Very few things in sports are more bewildering than the college football bowl games selection system.
Known as the Bowl Championship Series (BCS), the organization’s title game is determined by a formula so convoluted that most coaches wouldn’t attempt to take a wild stab at how it works.
Former Florida State coach Bobby Bowden once summed it perfectly: “All I know is you need to win every game you play and by as many points as you can score, and then hope the voters and computers and the Ouija Board and whatever else is in that dang thing spits you out as one of the top two,” he said.
This season, there was little doubt about the No. 1 team. LSU went 13-0, won the Southeastern Conference championship over Georgia and rarely had to endure a close game.
The No. 2 team, Alabama, gets a national a championship mulligan against the Tigers even though the Tide lost to LSU 9-6 (overtime) in Tuscaloosa.
Jilted a step or two from the altar were any number of hopefuls — Oklahoma State (11-1), Stanford and likely Heisman Trophy winner Andrew Luck (11-1), Boise State (11-1) and others.
There are 35 bowl games this season, beginning with the New Mexico Bowl on Dec. 17 (Wyoming vs. Temple) and running virtually nonstop through the LSU-Alabama BCS Championship in New Orleans on Jan. 9.
To run the numbers another way, more of the NCAA’s top-level football schools will play in bowls than won’t, which is why almost all of the games will be of marginal importance at best.
Fourteen bowl-bound teams won only six regular-season games, and UCLA of the Pac-12 Conference earned a spot in San Francisco’s Fight Hunger Bowl (Dec. 31) even though the Bruins have the indignity of a 6-7 overall record after losing the league title game to Oregon.
Once cherished rewards for an exceptional regular season, bowl bids have become as commonplace as extra-point kicks.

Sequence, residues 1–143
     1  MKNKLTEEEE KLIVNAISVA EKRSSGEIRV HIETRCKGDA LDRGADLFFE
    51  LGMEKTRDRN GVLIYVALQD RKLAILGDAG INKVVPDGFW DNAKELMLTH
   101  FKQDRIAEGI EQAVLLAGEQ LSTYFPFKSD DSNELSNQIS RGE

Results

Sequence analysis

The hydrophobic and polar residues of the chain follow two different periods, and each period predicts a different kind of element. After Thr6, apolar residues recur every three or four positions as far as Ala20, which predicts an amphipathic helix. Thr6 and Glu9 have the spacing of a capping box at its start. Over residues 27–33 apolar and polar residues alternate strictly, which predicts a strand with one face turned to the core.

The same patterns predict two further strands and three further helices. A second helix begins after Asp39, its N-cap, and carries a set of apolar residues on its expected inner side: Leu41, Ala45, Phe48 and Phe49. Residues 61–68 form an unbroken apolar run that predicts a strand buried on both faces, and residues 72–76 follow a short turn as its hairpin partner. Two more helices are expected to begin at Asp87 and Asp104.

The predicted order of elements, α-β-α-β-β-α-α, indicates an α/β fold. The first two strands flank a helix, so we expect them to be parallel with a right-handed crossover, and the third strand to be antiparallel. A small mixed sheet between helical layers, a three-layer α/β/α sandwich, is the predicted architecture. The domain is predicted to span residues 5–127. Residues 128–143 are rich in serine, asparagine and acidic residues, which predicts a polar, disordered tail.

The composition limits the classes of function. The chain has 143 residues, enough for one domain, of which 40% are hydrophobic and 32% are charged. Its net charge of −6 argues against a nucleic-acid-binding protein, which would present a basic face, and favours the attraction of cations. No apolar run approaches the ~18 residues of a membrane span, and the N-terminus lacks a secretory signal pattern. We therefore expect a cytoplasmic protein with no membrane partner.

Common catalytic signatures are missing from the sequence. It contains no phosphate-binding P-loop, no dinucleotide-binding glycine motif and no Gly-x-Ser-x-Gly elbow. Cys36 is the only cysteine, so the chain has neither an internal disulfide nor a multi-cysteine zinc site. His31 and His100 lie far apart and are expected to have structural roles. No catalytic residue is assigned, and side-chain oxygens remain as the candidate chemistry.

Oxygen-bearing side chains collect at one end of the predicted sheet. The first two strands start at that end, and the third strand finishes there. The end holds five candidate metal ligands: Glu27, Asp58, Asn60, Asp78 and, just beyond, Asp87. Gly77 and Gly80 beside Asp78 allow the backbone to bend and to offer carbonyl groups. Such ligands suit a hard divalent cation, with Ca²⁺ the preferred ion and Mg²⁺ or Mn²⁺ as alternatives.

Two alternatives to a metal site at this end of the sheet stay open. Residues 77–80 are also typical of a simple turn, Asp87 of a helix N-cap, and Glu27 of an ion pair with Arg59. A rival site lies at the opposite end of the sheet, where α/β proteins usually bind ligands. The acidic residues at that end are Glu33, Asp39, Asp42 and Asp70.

Coaches like the system because they usually earn a pay bonus for reaching the post-season, plus bowl teams get 20 practice sessions that those coaches can use as pre-spring workouts.
Players like the bowls because a post-season trip — even if it’s to Boise, Id. for the Famous Idaho Potato Bowl — is about the only reward those players get for a season that starts with grueling practice routines in early August and regularly includes at least one or two injuries.
Presidents and chancellors like the bowl system because it’s a guaranteed revenue stream.
Fans generally like the bowls because the games, even the most meaningless, are the last hurrah of each football season.
Television networks, primarily ESPN, like the bowls because they provide a reasonably priced programming commodity during a time of the year when lots of viewers are socked by cold weather and short daylight hours.
An NCAA playoff format similar to college basketball’s March Madness obviously makes more common sense. But as famed TV analyst John Madden once said, “When has common sense ever had anything to do with football?”
Among the 35 bowls, here are five of the most appealing:
1. BCS Championship, Jan. 9, New Orleans: Neither Alabama (11-1) nor LSU (13-0) has a great quarterback, which is a rarity for games of this magnitude. But unlike the two teams’ regular-season game on Nov. 5, there will be touchdowns scored. The difference probably will be the Tiger’s prolific special teams. LSU 24, Bama 20.
2. Fiesta Bowl, Jan. 2, Glendale, Ariz.: Stanford (11-1) of the Pac-12 Conference and Oklahoma State (11-1) of the Big 12 essentially will decide the No. 3 BCS spot in this game. Up to 100 NFL scouts should be on hand to watch Cardinal quarterback Andrew Luck’s final college game. It should be a shootout, too. Stanford, 38-35.
3. TicketCity Bowl, Dallas, Jan. 2: Here’s a rare opportunity for a Conference USA team, Houston (12-1), to knock off one of the sport’s big-timers. The Penn State (9-3) players have been through an unprecedented ordeal as a result of the Jerry Sandusky events. Incentive, and offensive talent, favor the Cougars, 27-21.
4. Rose Bowl, Pasadena, Calif., Jan. 2: Quarterback Russell Wilson of Big Ten champ Wisconsin (11-2) wraps up a sensational career that began at N.C. State. Pac-12 champ Oregon (11-2), which began the season with a 40-27 loss to LSU, has the nation’s most dangerous rushing attack. Ducks, 49-42.
5. Outback Bowl, Tampa, Jan. 2: Georgia (10-3) lost the SEC title game to LSU and Michigan State (10-3) lost the Big Ten championship game to Wisconsin. But both of these teams have several young stars, including Spartans rushing star Le’Veon Bell, a possible Heisman contender in 2012. Bulldog quarterback Aaron Murray, a sophomore, has thrown 33 touchdown passes.